So does Jeremy ‘get’ immigration? I would suggest he gets it only too well, which is why he isn’t going to play smoke and mirrors with it like the rest of those in power. If there isn’t enough to go round, it isn’t because of the immigrants.

Then it’s been said that Jeremy is stubborn and won’t do the decent thing and resign. Excuse me? He is the elected leader and the elected leader has a responsibility first and foremost to the people who elected him. They are the people who must say if he is to step down. Until they do, as a man of principle, he going to hang on in there, whatever it costs. And, let’s face it, it takes a fair bit of courage to stand with a beleaguered cabinet in front of a Prime Minister who is determined to humiliate you and now has every excuse to do so. It’s not fun. But it’s what true leaders do. Call it stubborness if you like. I’d prefer to call it commitment and perseverance.

Finally, it’s been said that Jeremy is ‘unelectable’. Well, they may have a point there. But that’s got very little to do with whether he is a leader or not. It’s got much more to do with whether the country is willing to follow him, which is another thing altogether. Ask anyone what they look for in a leader and they will say things like, ‘Honesty. Integrity. Someone I know I can trust. Someone who cares.’ Well, it looks like they’ve got all those in Jeremy Corbyn. As I have said, nearly everyone in his party seems to agree that he is a man of principle and that the leadership row has nothing to do with his character. It’s about whether or not he’s electable. In other words, it’s about his policies – the things he is standing for. And that’s another interesting one. Jesus was a leader. But the people didn’t want to follow him so they killed him instead. Jo Cox was a leader – at least as far as her constituency was concerned – and it only took one person to kill her. In the end, it’s not about whether or not the person is a leader. It’s about whether or not we want to follow where they are going.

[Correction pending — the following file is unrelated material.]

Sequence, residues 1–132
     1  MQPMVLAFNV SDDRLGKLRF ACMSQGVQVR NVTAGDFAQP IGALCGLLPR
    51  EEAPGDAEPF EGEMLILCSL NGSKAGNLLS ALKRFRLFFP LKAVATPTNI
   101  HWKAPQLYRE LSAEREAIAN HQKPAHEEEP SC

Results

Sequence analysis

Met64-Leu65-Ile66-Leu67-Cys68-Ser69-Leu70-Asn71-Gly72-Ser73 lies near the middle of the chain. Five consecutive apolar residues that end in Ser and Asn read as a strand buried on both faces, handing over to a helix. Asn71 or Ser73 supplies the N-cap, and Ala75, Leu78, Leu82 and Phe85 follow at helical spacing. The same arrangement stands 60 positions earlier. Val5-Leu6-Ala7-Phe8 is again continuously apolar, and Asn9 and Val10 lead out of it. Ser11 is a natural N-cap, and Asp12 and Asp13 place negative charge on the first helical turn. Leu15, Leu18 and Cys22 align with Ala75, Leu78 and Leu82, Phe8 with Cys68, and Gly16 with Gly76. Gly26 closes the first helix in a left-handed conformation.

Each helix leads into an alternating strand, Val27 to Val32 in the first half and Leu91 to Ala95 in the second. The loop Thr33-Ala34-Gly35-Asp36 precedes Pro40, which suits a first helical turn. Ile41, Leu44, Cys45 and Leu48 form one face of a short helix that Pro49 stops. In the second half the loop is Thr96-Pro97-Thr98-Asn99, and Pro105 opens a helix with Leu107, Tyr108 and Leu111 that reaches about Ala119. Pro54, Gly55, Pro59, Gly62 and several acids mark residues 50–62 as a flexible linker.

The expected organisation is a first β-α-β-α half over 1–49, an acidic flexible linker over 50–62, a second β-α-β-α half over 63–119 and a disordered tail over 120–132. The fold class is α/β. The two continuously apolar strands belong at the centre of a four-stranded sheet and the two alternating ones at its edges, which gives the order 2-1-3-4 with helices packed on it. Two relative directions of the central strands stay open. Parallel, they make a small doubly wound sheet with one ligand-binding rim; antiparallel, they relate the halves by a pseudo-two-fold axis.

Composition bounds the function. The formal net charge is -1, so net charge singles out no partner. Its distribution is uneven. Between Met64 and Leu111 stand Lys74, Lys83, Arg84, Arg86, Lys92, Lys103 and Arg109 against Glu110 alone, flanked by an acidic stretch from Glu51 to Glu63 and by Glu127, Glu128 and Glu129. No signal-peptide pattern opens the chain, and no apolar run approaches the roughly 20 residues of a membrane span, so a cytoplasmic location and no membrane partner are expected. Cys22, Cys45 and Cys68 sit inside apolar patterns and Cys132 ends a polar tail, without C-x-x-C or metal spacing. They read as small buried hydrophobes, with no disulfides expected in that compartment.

So, Labour MPs, The Mirror, The Guardian, the rest of the media and anyone else pointing the finger. Please stop telling me that Jeremy Corbyn is not a leader or doesn’t have vision. Instead, have the honesty and decency to admit that you don’t want to follow him.

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6 thoughts on “Following the leader – or not!

    1. Ros Post author

      Yes. Thanks 🙂 I’ve been looking at the original UN report and it does say those things. Whether the Government will pay the slightest attention is another matter, but it does demonstrate that the alternative view has some substance.

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  1. beetleypete

    Well said, Ros. Labour has had its share of ‘unelectable’ leaders in the past, not least Michael Foot. The members chose Jeremy, and he has a good pedigree as a socialist in the past. If the members of the PLP don’t like him being the leader, they can always resign.
    Best wishes, Pete.

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    1. Ros Post author

      ‘If the members of the PLP don’t like him being the leader, they can always resign.’

      I agree. Even if they are right about Corbyn being ‘unelectable’, going behind the backs of the party members is never going to be right. It will be interesting to see what they decide to do if they force another leadership election and then lose.

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      1. Faith & Beauty

        I dunno about this…Remember he isn’t the only person with an elected mandate. After all the PLP members are elected as MPs by a broader church than Corbyn as I’m sure none of them got their votes from Labour party members only.